Steve Jobs of Apple once stated, “The people who are crazy enough to think they can change the world are the ones who do.” This mantra has resonated with hundreds of entrepreneurs and business leaders over the past decade since Jobs passed on.
What is interesting is how many individuals hear the call to action about changing the world and confuse it with what it means to transform the world. There is actually quite a big difference between change and transformation. …
We’ve seen cycles come and go — everything from music trends that emulate days gone by to past decades of fashion making a comeback.
It is evident that cycles are all around us. As a business leader, how do you turn cycles into your advantage, and better yet, what industries will benefit from cycles in the coming years?
Within my Anticipatory Organization Model, I emphasize the importance of identifying both Hard Trends, future certainties that will happen, and Soft Trends, future maybes open to influence.
Whether it is a global pandemic or everyday disruptions, most of us default to reaction and agility when faced with a crisis.
For many, reactionary behavior is all they know; the only option in dealing with disruption is to find the nearest metaphorical fire extinguisher and cauterize the problem immediately. However, in our current COVID-19 world, agility and reactionary behavior is even less productive than it was before.
While there is a “generational war” between the young and the old in the workplace created by the younger generation’s familiarity with technology and the older generation’s aversion to it, a multigenerational concern that plagues all age groups is that technology will outpace humans, leaving many unemployed.
It is an understandable fear, especially if you consider my Hard Trend Methodology. Hard Trends are future certainties that will happen, and digital disruption, which includes and is certainly not limited to artificial intelligence (A.I.), is without question a Hard Trend, further authenticating the fear of losing your job to technology.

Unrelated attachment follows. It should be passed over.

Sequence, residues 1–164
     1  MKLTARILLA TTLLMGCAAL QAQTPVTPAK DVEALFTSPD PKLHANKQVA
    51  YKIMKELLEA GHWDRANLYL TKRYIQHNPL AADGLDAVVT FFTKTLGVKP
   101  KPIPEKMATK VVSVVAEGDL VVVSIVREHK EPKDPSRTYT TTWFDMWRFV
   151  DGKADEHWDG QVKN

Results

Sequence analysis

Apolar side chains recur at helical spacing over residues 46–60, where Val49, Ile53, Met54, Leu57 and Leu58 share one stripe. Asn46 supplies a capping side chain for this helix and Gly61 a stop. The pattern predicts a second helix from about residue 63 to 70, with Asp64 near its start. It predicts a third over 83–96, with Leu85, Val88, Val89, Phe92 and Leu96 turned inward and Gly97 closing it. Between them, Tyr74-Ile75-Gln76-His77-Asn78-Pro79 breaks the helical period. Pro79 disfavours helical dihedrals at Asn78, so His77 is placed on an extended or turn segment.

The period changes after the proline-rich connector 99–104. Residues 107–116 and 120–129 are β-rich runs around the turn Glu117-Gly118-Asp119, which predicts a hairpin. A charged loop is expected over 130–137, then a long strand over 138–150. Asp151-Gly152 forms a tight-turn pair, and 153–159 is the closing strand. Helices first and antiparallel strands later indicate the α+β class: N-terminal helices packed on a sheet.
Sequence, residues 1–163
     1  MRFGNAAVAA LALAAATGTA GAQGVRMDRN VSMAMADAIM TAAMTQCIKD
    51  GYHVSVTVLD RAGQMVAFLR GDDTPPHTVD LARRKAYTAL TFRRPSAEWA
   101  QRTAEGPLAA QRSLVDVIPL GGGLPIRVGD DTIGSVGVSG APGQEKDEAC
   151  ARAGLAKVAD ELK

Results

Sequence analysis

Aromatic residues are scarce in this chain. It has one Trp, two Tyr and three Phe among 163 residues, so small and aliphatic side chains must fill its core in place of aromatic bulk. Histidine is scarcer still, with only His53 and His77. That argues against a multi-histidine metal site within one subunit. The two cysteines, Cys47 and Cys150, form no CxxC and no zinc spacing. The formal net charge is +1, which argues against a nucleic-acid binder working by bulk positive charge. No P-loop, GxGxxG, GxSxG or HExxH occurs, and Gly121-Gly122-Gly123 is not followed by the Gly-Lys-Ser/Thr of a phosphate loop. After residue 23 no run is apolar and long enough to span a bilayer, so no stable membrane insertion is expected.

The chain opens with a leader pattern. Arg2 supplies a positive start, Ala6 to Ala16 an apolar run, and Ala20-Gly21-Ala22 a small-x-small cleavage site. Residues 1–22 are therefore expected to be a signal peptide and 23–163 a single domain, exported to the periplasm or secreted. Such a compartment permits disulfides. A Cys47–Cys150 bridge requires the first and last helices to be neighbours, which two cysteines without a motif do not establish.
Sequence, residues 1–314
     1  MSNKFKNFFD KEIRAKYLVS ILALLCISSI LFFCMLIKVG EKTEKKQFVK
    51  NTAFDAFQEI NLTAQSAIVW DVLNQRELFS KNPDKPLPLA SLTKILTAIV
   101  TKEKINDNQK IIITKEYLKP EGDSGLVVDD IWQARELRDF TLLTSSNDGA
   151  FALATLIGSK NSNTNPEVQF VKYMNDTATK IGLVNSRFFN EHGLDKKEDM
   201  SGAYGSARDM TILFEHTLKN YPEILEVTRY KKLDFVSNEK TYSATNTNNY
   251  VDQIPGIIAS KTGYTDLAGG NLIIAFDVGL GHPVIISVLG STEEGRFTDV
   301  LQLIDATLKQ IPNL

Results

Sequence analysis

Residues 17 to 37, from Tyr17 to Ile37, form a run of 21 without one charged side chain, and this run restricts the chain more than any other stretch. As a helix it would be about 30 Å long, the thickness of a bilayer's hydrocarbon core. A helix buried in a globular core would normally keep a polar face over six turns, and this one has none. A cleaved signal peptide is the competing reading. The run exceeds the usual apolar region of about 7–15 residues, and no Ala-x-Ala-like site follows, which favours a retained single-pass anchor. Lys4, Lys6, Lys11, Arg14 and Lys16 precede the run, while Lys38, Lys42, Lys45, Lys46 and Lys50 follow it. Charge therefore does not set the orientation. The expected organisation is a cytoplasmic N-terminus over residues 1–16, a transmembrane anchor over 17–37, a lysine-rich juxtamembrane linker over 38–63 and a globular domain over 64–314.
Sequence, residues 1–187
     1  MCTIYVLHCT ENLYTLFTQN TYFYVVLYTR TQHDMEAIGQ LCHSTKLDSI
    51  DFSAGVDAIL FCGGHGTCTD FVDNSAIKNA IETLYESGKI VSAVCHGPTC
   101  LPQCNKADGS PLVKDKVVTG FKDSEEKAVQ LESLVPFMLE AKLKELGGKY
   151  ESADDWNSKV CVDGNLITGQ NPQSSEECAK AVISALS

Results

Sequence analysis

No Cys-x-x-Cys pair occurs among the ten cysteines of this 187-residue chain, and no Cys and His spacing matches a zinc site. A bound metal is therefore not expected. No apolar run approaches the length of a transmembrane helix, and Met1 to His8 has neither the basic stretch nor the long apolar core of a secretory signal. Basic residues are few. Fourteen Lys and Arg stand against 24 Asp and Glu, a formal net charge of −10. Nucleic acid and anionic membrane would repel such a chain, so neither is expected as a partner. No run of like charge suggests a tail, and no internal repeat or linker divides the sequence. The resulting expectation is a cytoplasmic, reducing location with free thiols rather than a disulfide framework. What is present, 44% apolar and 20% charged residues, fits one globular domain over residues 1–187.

From virtual museum tours to five-star curbside pickup of a steak and lobster dinner, some tremendously innovative ideas emerged out of the coronavirus pandemic of 2020.
With the help of application development, ordinarily in-person business operations quickly pivoted during March 2020 to combat the tremendous loss they were facing as the world shut down in response to COVID-19 While some companies are moving into the “New Normal,” or “Next Normal” as some prefer, just as many companies are are hoping to return to their pre-pandemic status quo.
However, the reality is that our world is forever changed. The pre-coronavirus world…
Undoubtedly, you have heard of smartphones. More likely than not, you have one in your pocket as you read this.
Additionally, smart homes and smart home features are likely part of your vocabulary in today’s world, including the likes of Ring Doorbells, Nest to remotely handle things like your thermostat, or any number of artificial intelligence (A.I.)-based devices, such as Amazon’s Alexa.
But have you yet heard of a “Smart City?”
Despite having the aforementioned technologies, does the concept of Smart City still sound like something out of a sci-fi movie or Netflix series? …
Artificial intelligence (A.I.), one of the 20 core technologies I identified back in 1983 as the drivers of exponential economic value creation, has started out simple. From Amazon’s Alexa, Siri on your iPhone, or proclaiming “hey, Google…” in your home, there are several small but impactful applications of A.I. that have become fully integrated in our world today.
Now, following a historic moment in contemporary history dominated by a global pandemic, A.I. advancements have been turbocharged like never before.
The coronavirus pandemic has proven to be one of the most disruptive occurrences to happen in modern history. Starting in mid-March of 2020, something happened that would have been considered unheard of on January 1: Everyone was forced to change in some way — and with so many business closing their doors, and large numbers of employees globally sheltering in place and working from home, we turned to digital solutions like never before.
From a business perspective, you were either shut down, like bars and restaurants, or you were booming, like grocery stores and pharmacies. And with no clear end…
These days, data has become more valuable in our economy than oil. There have been many discussions about the individual value of your personal data, how to protect it and even who owns it.
But what about your intellectual property as an entrepreneur or business leader within an organization? How do you protect something digital?
Time and again throughout American history, ideas have been stolen or “borrowed,” whether it be the historic squabble between Apple founder Steve Jobs and Microsoft founder Bill Gates and if Gates stole the idea of the Graphical User Interface from Jobs, or the more recent…
Prior to the coronavirus pandemic of 2020, exponential digital transformation was the biggest disruption many organizations and leaders within those organizations concerned themselves with. Will artificial intelligence (A.I.) take my job? Will machine learning make our entire operation irrelevant? Is there something on the horizon that will change our industry, and how can we be the ones to discover it?
Even given the increase in the rate of exponential transformation of business practices thanks to those aforementioned digital disruptors, it astounded me how many of those same organizations feebly considered what would happen if digital technology truly disrupted them or…
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